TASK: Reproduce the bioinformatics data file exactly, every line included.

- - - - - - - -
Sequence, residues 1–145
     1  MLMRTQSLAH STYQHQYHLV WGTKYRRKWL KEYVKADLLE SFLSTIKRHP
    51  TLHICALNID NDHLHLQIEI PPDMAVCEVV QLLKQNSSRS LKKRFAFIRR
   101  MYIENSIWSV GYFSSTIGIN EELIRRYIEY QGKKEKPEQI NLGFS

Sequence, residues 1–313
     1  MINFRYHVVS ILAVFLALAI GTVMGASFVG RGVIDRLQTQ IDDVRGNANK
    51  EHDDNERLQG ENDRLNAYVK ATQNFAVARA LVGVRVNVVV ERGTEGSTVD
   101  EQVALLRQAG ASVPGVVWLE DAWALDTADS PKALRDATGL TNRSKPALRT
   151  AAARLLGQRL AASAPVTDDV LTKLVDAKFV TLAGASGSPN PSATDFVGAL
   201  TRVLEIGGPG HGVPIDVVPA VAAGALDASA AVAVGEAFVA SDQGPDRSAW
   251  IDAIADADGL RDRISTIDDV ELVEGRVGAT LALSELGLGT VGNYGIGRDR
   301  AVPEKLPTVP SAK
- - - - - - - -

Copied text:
Sequence, residues 1–145
     1  MLMRTQSLAH STYQHQYHLV WGTKYRRKWL KEYVKADLLE SFLSTIKRHP
    51  TLHICALNID NDHLHLQIEI PPDMAVCEVV QLLKQNSSRS LKKRFAFIRR
   101  MYIENSIWSV GYFSSTIGIN EELIRRYIEY QGKKEKPEQI NLGFS

Sequence, residues 1–313
     1  MINFRYHVVS ILAVFLALAI GTVMGASFVG RGVIDRLQTQ IDDVRGNANK
    51  EHDDNERLQG ENDRLNAYVK ATQNFAVARA LVGVRVNVVV ERGTEGSTVD
   101  EQVALLRQAG ASVPGVVWLE DAWALDTADS PKALRDATGL TNRSKPALRT
   151  AAARLLGQRL AASAPVTDDV LTKLVDAKFV TLAGASGSPN PSATDFVGAL
   201  TRVLEIGGPG HGVPIDVVPA VAAGALDASA AVAVGEAFVA SDQGPDRSAW
   251  IDAIADADGL RDRISTIDDV ELVEGRVGAT LALSELGLGT VGNYGIGRDR
   301  AVPEKLPTVP SAK